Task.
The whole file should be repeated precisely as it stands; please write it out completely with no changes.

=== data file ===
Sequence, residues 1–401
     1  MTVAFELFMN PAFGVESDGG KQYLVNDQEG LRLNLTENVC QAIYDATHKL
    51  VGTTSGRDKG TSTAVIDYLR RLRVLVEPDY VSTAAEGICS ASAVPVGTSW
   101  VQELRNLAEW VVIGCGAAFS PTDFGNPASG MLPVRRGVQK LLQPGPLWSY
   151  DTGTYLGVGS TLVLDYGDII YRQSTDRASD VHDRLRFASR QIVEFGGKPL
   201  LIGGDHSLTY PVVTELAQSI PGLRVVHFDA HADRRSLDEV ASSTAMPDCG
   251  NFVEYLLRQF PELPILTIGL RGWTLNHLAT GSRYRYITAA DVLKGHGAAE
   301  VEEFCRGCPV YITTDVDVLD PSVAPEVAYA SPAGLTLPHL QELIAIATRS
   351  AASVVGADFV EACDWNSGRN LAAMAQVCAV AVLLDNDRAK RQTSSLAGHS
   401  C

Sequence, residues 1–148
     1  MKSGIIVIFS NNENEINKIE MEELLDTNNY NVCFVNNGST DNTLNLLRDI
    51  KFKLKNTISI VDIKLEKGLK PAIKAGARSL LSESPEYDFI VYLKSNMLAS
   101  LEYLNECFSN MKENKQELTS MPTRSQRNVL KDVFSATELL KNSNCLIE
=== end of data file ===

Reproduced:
Sequence, residues 1–401
     1  MTVAFELFMN PAFGVESDGG KQYLVNDQEG LRLNLTENVC QAIYDATHKL
    51  VGTTSGRDKG TSTAVIDYLR RLRVLVEPDY VSTAAEGICS ASAVPVGTSW
   101  VQELRNLAEW VVIGCGAAFS PTDFGNPASG MLPVRRGVQK LLQPGPLWSY
   151  DTGTYLGVGS TLVLDYGDII YRQSTDRASD VHDRLRFASR QIVEFGGKPL
   201  LIGGDHSLTY PVVTELAQSI PGLRVVHFDA HADRRSLDEV ASSTAMPDCG
   251  NFVEYLLRQF PELPILTIGL RGWTLNHLAT GSRYRYITAA DVLKGHGAAE
   301  VEEFCRGCPV YITTDVDVLD PSVAPEVAYA SPAGLTLPHL QELIAIATRS
   351  AASVVGADFV EACDWNSGRN LAAMAQVCAV AVLLDNDRAK RQTSSLAGHS
   401  C

Sequence, residues 1–148
     1  MKSGIIVIFS NNENEINKIE MEELLDTNNY NVCFVNNGST DNTLNLLRDI
    51  KFKLKNTISI VDIKLEKGLK PAIKAGARSL LSESPEYDFI VYLKSNMLAS
   101  LEYLNECFSN MKENKQELTS MPTRSQRNVL KDVFSATELL KNSNCLIE